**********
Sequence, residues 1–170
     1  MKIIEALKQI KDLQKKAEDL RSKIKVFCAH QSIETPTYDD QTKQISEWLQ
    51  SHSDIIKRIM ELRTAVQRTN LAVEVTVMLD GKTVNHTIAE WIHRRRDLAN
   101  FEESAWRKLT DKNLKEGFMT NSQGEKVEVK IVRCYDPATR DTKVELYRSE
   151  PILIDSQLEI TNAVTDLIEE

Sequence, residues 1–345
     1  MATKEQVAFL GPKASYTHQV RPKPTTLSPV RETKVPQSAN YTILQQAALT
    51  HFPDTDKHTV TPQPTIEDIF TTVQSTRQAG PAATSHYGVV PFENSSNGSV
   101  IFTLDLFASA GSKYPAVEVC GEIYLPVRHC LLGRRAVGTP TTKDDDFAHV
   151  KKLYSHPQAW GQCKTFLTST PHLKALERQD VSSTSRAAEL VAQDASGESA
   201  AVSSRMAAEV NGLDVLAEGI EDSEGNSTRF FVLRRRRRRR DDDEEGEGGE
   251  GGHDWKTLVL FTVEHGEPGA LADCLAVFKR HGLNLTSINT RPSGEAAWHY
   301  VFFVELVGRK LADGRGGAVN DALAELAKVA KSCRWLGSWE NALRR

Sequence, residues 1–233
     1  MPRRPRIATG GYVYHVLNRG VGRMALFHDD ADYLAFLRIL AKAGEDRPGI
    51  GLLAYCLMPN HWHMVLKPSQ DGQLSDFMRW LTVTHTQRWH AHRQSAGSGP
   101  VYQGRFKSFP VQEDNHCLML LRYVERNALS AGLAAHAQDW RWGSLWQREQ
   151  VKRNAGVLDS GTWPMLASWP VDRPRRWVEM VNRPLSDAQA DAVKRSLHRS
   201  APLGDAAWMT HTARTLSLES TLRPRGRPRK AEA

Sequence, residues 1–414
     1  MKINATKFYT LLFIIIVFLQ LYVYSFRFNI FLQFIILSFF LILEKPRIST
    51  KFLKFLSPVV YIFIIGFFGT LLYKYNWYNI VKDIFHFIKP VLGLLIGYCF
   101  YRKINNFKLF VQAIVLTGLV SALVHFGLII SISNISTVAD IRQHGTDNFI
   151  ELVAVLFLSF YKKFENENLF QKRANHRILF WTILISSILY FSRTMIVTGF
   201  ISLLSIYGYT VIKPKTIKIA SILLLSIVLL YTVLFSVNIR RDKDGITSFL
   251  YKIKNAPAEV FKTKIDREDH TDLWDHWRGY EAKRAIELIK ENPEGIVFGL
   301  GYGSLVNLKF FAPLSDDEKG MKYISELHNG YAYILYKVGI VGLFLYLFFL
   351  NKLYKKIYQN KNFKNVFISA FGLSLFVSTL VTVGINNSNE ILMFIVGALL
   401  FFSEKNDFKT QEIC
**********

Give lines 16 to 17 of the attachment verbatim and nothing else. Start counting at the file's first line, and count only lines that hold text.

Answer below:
    51  GLLAYCLMPN HWHMVLKPSQ DGQLSDFMRW LTVTHTQRWH AHRQSAGSGP
   101  VYQGRFKSFP VQEDNHCLML LRYVERNALS AGLAAHAQDW RWGSLWQREQ